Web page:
The Death of Big Conferences?

    September 7, 2006

Why drag yourself out to a bar when you can sit all by yourself at your desk blogging with a Scotch in hand?

Robert Scoble has predicted the death of big conferences. Now, I like Robert and agree with most of what he says, but I have to take issue with this one. In his post, he points out that he told 15 people at a small blogger conference about his departure from Microsoft. Some of those folks blogged the news, leading to somewhere in the neighborhood of 50 million impressions. Says Robert:

So, why does anyone need to go to a big conference to hear the news again? Simple: you don’t. It’s not worth doing. Not when a CEO can write a blog, get more people to visit it in 36 hours than would probably visit his booth at the Detroit Auto Show. How do you get news out? Invite a blogger over for lunch. It doesn’t matter who the blogger is. If the news is interesting it’ll spread and spread fast.

I have no issue with Robert’s argument; it’s absolutely true. The problem is that conferences are about a whole lot more than disseminating news. I wouldn’t go to the Detroit Auto Show to hear a CEO make an announcement. I’d go to see and sit in the cars. Not a picture. Not a virtual car in Second Life. I want to see 3,000 pounds of metal, plastic, chrome and rubber. I want to sit in the front seat and wrap my hands around the steering wheel and inhale that new car smell.

I go to the IABC conference to interact with other people, both in sessions and in bars and restaurants. I know I can do that online, but there’s something a whole lot more satisfying about a face-to-face experience. That’s why so many of us (including Robert) host geek dinners when we’re traveling. There’ll be a big such dinner at the Podcast and Portable Media Expo where I’m looking forward to finally meeting people like Heidi Miller, John Wall, Terry Fallis, and a host of others (not to mention renewing friendships with people I’ve met before like C.C. Chapman and Rob Safuto).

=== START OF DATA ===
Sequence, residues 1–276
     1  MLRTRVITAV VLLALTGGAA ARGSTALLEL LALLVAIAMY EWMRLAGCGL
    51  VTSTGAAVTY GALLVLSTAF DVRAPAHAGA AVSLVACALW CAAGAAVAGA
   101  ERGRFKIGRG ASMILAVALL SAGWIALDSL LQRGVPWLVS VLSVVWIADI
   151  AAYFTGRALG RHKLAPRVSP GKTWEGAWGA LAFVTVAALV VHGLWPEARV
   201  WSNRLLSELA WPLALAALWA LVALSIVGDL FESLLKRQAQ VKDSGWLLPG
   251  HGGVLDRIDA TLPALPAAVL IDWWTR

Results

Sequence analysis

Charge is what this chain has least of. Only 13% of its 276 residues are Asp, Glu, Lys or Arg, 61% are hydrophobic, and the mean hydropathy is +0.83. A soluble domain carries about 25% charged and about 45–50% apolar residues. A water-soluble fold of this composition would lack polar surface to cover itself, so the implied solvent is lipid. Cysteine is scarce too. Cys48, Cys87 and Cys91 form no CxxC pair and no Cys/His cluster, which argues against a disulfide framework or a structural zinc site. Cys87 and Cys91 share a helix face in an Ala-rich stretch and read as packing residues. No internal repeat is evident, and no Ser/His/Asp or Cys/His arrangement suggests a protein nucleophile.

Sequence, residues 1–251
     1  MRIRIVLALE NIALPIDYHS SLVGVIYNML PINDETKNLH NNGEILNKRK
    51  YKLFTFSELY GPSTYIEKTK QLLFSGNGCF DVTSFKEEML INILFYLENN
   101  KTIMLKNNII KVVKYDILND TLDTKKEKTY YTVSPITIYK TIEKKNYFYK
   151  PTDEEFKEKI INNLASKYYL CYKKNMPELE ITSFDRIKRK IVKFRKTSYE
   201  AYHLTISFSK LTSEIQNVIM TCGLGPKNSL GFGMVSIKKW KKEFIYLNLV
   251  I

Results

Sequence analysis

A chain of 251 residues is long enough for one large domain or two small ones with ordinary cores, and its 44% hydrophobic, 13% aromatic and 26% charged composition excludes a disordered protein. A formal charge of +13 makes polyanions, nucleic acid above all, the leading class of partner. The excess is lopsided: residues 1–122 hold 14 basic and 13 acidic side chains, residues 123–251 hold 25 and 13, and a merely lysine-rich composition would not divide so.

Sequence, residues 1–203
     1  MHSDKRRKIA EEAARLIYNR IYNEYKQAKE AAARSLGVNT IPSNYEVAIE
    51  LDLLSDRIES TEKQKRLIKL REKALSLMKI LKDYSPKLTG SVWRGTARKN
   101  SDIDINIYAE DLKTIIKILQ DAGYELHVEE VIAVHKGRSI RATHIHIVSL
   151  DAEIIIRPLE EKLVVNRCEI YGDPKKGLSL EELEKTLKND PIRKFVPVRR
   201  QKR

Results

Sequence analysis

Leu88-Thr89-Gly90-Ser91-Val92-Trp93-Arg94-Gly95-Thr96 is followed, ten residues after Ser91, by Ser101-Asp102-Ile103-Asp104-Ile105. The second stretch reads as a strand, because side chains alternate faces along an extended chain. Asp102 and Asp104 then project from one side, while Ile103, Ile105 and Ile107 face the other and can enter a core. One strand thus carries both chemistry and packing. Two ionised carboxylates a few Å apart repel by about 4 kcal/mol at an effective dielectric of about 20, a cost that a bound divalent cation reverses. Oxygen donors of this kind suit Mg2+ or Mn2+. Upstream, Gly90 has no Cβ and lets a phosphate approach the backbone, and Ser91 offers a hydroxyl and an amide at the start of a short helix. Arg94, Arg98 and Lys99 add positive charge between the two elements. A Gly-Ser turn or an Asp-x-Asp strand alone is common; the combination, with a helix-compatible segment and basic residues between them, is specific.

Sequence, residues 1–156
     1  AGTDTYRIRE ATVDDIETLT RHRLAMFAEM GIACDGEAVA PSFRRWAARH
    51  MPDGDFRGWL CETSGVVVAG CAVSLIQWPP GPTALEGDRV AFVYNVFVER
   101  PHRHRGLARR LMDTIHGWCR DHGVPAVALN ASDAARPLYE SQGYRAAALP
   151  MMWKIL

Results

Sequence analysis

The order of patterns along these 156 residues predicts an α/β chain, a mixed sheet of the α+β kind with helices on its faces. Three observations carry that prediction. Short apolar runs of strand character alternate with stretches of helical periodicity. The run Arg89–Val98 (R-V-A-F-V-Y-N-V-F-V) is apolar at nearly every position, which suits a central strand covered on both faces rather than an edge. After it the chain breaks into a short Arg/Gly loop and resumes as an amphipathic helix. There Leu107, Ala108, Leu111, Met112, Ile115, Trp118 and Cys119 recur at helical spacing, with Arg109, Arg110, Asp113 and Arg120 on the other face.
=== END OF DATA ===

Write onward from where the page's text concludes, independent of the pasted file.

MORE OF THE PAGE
I recall one communication conference at which the speaker urged the audience to not forsake face-to-face as a tool for communication, noting that we’re hardwired from prehistoric times to communicate that way. “Any communication that is not face-to-face,” he said, “is a corruption of face-to-face communication.”

Now, don’t get me wrong. I think blogs and other social media rock and Robert is absolutely right about the way news can get out in this era of social computing. But in a blog posting you lose facial expressions, body language, tone of voice, and all those other non-verbal cues that drive most of our reaction to a message. That’s what the speaker meant about corruption of face-to-face communication. (Yes, a video can address a lot of that, but let’s face it, only a handful of the people with whom you’d want to interact will produce and post a video, and then it doesn’t allow for real-time engagement.)

Big conferences, then, will continue to thrive-so we can put hands on the products and services being touted there and so we can interact with real people in the physical world. Or, as Robert Bruce put it in a comment to Scoble’s blog, “Having no conferences will prevent me from having realtime conversations with people who I can’t get an email or blog response from because you are all too busy with your A, B or C lister rankings!”

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Shel Holtz is principal of Holtz Communication + Technology which focuses on helping organizations apply online communication capabilities to their strategic organizational communications.

As a professional communicator, Shel also writes the blog a shel of my former self.